THE ELECTION CAMPAIGN AND VTSIOM OPINION POLLS: ANOTHER VERSION OF THE EMPEROR’S NEW CLOTHES

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On the eve of the official start of the election campaign, commercials of political parties on TV have already become more frequent than ads for either sanitary pads or beer.

Meanwhile, Profil magazine notes that only 15 years ago there were practically no elections in this country: “there was only a performance that even ceased to be funny by the end.” Then, as everyone remembers, there was enthusiasm for democratic procedures in the first years of perestroika, which was stultified by the historic presidential election of 1996 under the notorious “Vote or Lose Out” slogan.

After political strategies led to the victory of the extremely unpopular acting president, the political elite came to the conclusion that it is possible to impose anything and anyone on the electorate if you have enough money and the people have television. The citizenry, in turn, concluded that elections had lost their meaning, for those “at the top” will cook the results anyway, since everything is decided in advance. Profil thinks both these inferences are wrong.

Of course, the administrative resource is a mighty weapon, and up to the very day of an election “the interested people” attempt to reduce people’s opportunities of a real choice. One of the means of doing this is eliminating undesirable candidates. However, as Profil stresses, the deciding vote in elections themselves still belongs to voters, since “otherwise no one would spend so much money, time, and effort on election campaigns”. Thus, people are allegedly misled: something still depends on them.

The statement that the government still appreciates people’s opinion to some extent may be proven by the current rearrangement of the National Public Opinion Research Center (VTsIOM).

Those who are interested in data of opinion polls must have noticed that there is constant discrepancy between statistics of Yury Levada’s polling agency and the Public Opinion Foundation (FOM) controlled by the Presidential Administration.

Here is one of the latest articles on this topic. On August 22, Nezavisimaya Gazeta reported, “On Wednesday, VTsIOM stated that the Communist Party (CPRF) had become more popular than United Russia, by 5%. However, on Thursday, the Public Opinion Foundation reported that United Russia was not only the leader, but had even increased its popularity compared to that of the Communists, which started to decrease in mid-August.”

Furthermore, Nezavisimaya Gazeta has noted that according to VTsIOM, the CPRF has been the leader for almost the whole year, only lagging behind United Russia in July (United Russia was supported by 27% of respondents and the former by 26%). But in August ratings of the parties returned to their initial positions: the CPRF was supported by 28% and United Russia by 23%.

The figures published by FOM are quite different. In spring and in early summer FOM really stated that the government party lagged behind the left. However, having mended the situation in July, United Russia is still the leader.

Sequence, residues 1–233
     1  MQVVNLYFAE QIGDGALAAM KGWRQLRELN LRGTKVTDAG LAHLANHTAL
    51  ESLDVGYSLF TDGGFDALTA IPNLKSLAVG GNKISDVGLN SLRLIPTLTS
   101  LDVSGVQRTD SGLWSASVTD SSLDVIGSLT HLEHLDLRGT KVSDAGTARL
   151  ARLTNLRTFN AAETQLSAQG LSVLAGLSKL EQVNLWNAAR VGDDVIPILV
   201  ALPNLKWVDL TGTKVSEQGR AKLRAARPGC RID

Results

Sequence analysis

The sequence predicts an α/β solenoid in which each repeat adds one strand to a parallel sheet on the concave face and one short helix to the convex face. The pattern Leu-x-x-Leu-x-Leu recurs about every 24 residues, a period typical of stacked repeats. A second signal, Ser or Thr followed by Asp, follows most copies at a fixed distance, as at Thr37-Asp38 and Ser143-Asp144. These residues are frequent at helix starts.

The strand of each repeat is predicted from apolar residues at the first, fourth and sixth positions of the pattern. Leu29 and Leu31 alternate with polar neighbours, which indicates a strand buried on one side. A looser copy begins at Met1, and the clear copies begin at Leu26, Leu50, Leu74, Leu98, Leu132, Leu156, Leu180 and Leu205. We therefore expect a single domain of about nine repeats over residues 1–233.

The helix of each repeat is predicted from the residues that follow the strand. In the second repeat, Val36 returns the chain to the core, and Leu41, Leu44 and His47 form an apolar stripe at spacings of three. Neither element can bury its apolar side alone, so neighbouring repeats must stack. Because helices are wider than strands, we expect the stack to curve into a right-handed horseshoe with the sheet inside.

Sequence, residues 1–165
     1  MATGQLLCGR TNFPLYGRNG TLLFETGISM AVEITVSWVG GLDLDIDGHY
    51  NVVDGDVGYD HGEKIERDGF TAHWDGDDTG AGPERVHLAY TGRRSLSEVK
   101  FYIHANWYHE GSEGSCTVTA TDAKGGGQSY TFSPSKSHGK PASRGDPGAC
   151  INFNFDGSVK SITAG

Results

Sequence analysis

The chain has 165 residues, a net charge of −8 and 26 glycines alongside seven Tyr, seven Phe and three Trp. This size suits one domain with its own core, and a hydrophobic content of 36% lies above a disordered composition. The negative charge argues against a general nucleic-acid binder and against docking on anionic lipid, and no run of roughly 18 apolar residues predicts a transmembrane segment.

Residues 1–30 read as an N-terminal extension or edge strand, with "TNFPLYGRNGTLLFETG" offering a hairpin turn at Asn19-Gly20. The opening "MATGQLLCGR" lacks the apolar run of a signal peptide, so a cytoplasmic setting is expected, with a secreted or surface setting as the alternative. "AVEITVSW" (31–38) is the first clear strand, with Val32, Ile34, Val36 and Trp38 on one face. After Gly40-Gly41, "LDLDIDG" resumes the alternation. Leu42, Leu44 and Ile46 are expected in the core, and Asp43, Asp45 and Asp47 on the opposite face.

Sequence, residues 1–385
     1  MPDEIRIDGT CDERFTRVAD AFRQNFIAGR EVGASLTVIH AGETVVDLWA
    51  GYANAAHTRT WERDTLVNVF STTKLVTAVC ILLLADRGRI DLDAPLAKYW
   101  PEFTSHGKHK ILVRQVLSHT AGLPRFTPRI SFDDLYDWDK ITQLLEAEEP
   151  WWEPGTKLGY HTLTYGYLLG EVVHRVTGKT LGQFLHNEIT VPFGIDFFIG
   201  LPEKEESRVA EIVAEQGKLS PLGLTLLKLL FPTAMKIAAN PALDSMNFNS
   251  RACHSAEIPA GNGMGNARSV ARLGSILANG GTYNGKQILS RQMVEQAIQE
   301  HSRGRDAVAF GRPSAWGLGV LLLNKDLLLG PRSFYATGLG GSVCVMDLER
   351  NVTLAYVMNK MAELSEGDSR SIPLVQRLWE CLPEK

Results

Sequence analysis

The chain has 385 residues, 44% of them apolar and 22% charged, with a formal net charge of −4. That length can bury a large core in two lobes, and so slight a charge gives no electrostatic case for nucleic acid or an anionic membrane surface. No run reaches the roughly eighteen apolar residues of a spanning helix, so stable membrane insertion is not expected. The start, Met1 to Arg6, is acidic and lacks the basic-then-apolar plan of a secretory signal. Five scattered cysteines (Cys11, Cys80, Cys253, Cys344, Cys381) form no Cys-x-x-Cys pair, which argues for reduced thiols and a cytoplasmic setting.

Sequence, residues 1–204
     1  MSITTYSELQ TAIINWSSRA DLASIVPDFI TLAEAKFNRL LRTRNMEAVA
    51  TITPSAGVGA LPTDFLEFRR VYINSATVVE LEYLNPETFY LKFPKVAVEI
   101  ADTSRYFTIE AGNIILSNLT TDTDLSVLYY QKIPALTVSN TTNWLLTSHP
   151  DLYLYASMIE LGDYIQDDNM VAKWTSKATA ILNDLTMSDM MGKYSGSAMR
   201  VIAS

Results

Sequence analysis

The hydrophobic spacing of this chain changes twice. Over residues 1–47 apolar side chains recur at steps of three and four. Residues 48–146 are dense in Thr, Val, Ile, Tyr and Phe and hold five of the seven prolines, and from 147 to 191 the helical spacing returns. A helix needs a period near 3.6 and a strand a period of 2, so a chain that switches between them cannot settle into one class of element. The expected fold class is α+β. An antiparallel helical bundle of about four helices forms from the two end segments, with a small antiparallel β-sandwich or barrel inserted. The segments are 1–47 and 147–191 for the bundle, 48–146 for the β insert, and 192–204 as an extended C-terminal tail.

Thus, the newspaper concludes that statistics of Yuri Levada’s team at VTsIOM are actually opposite to those produced by Alexander Oslon’s team at FOM. Of course, this discrepancy drew annoyance at the top. Nezavisimaya Gazeta asks, “Isn’t the current harassment of Levada’s team caused by this? It is not ruled out that the change of management at VTsIOM was designed in order to gain the coveted uniformity in reports of the public opinion.”

Yezhenedelny Zhurnal says that rating of a politician or a political party is just an indirect and approximate estimate of the state of public opinion as calculated by some particular polling agency by methods known only to that agency. Unfortunately, as the journal notes, most of the political elite tends to take ratings literally, as “the attitude of the nation to the government and its representatives reflected in figures, something like a stock market index.”

Therefore, the elite believes that publication of ratings is an effective instrument of influence over the public opinion. Yezhenedelny Zhurnal says in this connection, “If you could control the Dow Jones index or fake its results, you would make a lot of money.”

This is what the government intends to gain now: to gain control over fluctuations of political ratings. Results of opinion polls should be uniform and predictable.

Therefore, as Yezhenedelny Zhurnal says, the state intends to oust Levada under the cover of the customary rhetoric of economic changes, having failed to set up effective dialogue with him.

Moskovskie Novosti has published the opinion of Levada’s colleague, Professor Vladimir Shlyapentokh from the University of Michigan, in this connection. He said, “Today’s VTsIOM will be gone within a few months. Since there is no civil society in Russia, it’s is no wonder that Levada has been left face to face all alone with the Presidential Administration.”

Shlyapentokh has noted that the only politician to condemn the “privatization” of VTsIOM was Boris Nemtsov. However, even he has not promised any action aimed at defending Levada.

Levada must have been aware that he has been working in a dangerous climate. Indeed, his remark that for all his high ratings, Vladimir Putin is still viewed as “the president of hope”, may cost a lot. Meanwhile, in the view of VTsIOM, this attitude toward the president is extremely hazardous for him.

As Yury Levada has announced in his interview to Yezhenedelny Zhurnal, “half of Russians, according to statistics of July, have gotten tired of expecting changes in he country from Putin”.

Moreover, Levada is convinced that in the following few years the number of those “disappointed” is likely to increase. “Time will come to pay the bills received by the current team,” the journal notes.